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Fix It, Don't Nix It

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Fix It, Don't Nix It

'Fix It, Don't Nix It' is the creed of a growing movement to ditch the disposable mindset and make repair 'the fourth R' in Reduce, Reuse and Recycle.

Communities like iFixit.org provide DIYers with the manuals, tutorials, parts and tools they need to fix their Stuff, as well as encouragement along the way. According to Kyle Wiens, the CEO, "if you can't fix it, you don't really own it."

You can hear Annie's interview with Kyle in the latest episode of our new podcast series, The Good Stuff, which chronicles everyday heroes working to build a more sustainable, just and fulfilling future.

Click here for more information on Episode 4: Fix It, Don't Nix It.


While you're there, download Episode 3: Getting Started. Annie talks with Philadelphia mom and entrepreneur Karla Trotman about the basic steps she took to reduce her family's waste after an appearance with Annie on the ABC daytime show The Revolution.

And make sure to keep your ears open for Episode 5 of The Good Stuff, coming in late June. We'll be talking about the importance of stepping out of our consumer-selves, and into our citizen-selves, to make change.

P.S.  Just six weeks left until we release our next movie, The Story of Change, on July 17.

Ningaloo Reef near Exmouth on April 2, 2012 in Western Australia. James D. Morgan / Getty Images News

By Dana M Bergstrom, Euan Ritchie, Lesley Hughes and Michael Depledge

In 1992, 1,700 scientists warned that human beings and the natural world were "on a collision course." Seventeen years later, scientists described planetary boundaries within which humans and other life could have a "safe space to operate." These are environmental thresholds, such as the amount of carbon dioxide in the atmosphere and changes in land use.

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EcoWatch Daily Newsletter

A 3-hour special film by EarthxTV calls for protection of the Amazon and its indigenous populations. EarthxTV.org

To save the planet, we must save the Amazon rainforest. To save the rainforest, we must save its indigenous peoples. And to do that, we must demarcate their land.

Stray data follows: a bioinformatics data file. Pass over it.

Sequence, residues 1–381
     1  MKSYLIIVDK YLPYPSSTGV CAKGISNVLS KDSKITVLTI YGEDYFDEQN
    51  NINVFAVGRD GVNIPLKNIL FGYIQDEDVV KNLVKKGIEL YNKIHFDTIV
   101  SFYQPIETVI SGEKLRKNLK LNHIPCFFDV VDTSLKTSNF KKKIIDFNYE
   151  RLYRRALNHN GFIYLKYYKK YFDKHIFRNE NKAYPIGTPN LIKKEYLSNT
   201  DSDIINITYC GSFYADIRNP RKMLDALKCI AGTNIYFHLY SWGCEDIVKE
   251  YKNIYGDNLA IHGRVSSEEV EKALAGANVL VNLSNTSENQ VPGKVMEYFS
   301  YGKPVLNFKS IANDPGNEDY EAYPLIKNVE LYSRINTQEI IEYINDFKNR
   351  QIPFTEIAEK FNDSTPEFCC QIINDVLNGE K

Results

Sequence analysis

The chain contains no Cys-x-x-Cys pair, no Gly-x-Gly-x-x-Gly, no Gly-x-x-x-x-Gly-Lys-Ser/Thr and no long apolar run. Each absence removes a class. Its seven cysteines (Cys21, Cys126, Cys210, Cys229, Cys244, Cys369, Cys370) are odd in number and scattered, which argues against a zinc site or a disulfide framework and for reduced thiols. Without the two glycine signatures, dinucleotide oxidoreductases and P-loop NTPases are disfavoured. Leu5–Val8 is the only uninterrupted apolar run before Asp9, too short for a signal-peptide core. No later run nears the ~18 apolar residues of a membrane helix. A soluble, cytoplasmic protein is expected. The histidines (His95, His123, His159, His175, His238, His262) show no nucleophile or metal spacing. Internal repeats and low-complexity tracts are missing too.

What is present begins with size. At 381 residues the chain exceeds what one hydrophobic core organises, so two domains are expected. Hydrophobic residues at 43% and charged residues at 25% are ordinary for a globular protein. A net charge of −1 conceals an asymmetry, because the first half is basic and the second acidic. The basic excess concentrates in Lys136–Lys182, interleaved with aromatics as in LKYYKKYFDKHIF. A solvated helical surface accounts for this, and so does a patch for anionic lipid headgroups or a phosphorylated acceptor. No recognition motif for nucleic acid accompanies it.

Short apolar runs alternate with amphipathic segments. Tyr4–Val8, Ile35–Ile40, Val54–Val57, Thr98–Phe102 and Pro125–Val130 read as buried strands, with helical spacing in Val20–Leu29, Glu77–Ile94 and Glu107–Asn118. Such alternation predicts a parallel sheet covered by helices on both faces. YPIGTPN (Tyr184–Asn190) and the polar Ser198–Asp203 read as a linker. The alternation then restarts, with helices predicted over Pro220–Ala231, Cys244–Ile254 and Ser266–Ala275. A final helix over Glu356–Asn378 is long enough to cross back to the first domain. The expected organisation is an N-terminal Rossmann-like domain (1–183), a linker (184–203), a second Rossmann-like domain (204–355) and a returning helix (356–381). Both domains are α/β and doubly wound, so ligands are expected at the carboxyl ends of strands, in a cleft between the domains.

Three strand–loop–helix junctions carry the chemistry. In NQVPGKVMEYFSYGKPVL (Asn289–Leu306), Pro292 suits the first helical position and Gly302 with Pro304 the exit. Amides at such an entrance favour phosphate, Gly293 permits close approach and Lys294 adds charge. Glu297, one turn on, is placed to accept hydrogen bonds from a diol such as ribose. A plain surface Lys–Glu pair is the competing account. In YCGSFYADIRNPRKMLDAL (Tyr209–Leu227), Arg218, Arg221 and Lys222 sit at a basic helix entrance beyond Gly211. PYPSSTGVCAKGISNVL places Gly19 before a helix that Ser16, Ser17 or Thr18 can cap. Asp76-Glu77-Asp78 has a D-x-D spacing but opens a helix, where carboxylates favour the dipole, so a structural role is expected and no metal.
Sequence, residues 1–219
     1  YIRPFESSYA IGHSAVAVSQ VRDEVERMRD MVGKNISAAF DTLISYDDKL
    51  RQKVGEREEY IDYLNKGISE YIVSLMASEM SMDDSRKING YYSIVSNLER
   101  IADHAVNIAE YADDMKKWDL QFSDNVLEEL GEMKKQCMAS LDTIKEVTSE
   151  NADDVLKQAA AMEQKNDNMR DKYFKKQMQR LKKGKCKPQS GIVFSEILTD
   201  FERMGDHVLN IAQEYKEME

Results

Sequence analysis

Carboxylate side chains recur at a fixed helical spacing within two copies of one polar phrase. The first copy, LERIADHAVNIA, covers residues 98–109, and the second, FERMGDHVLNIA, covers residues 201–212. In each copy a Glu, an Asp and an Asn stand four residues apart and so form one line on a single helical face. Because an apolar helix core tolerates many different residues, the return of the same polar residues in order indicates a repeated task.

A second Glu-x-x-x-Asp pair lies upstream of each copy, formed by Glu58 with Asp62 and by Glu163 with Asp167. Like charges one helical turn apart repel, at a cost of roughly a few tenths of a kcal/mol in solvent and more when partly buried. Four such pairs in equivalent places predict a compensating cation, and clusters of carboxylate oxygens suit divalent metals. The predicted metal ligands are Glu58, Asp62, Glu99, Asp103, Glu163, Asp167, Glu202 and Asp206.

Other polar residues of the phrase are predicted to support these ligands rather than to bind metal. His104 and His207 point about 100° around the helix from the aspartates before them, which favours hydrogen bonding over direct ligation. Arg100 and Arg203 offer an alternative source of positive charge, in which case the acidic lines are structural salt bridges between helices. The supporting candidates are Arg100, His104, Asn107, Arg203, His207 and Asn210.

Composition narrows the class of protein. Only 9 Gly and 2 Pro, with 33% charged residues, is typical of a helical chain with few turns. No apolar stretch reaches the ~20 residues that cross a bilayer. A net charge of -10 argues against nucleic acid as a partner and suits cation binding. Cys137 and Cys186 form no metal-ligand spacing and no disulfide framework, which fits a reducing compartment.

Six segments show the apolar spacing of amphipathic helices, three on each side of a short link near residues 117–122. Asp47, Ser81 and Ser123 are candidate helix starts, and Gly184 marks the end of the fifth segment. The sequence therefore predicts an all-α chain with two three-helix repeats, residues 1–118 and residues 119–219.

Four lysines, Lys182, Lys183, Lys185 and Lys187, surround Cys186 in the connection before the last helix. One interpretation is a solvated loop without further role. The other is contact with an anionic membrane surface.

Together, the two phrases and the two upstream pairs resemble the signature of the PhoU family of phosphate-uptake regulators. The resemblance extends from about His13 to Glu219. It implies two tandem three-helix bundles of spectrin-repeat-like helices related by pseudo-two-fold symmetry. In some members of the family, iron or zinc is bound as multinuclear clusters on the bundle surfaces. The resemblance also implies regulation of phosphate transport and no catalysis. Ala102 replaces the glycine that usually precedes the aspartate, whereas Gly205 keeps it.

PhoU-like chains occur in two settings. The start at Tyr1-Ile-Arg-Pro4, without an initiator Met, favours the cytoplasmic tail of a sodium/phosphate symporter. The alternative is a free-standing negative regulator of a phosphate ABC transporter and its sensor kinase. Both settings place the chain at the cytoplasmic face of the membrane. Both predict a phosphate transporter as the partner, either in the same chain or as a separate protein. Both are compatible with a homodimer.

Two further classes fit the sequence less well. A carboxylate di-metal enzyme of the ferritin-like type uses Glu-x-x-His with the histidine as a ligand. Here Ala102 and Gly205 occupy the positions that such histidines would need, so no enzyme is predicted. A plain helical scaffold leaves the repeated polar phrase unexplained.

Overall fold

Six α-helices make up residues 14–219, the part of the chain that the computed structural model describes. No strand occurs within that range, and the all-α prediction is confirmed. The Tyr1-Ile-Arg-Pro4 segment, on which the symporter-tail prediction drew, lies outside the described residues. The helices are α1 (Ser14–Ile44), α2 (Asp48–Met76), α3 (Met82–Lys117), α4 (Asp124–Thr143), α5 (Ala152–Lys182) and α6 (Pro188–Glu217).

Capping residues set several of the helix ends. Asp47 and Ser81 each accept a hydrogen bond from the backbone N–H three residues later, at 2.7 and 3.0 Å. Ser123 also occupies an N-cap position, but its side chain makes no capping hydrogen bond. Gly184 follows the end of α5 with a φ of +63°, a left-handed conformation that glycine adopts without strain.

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UN Secretary General Antonio Guterres delivers a video speech at the high-level meeting of the 46th session of the United Nations Human Rights Council UNHRC in Geneva, Switzerland on Feb. 22, 2021. Xinhua / Zhang Cheng via Getty Images

By Anke Rasper

"Today's interim report from the UNFCCC is a red alert for our planet," said UN Secretary General Antonio Guterres.

The report, released Friday, looks at the national climate efforts of 75 states that have already submitted their updated "nationally determined contributions," or NDCs. The countries included in the report are responsible for about 30% of the world's global greenhouse gas emissions.

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New Delhi's smog is particularly thick, increasing the risk of vehicle accidents. SAJJAD HUSSAIN / AFP via Getty Images

India's New Delhi has been called the "world air pollution capital" for its high concentrations of particulate matter that make it harder for its residents to breathe and see. But one thing has puzzled scientists, according to The Guardian. Why does New Delhi see more blinding smogs than other polluted Asian cities, such as Beijing?

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A bridge over the Delaware river connects New Hope, Pennsylvania with Lambertville, New Jersey. Richard T. Nowitz / Getty Images

In a historic move, the Delaware River Basin Commission (DRBC) voted Thursday to ban hydraulic fracking in the region. The ban was supported by all four basin states — New Jersey, Delaware, Pennsylvania and New York — putting a permanent end to hydraulic fracking for natural gas along the 13,539-square-mile basin, The Philadelphia Inquirer reported.

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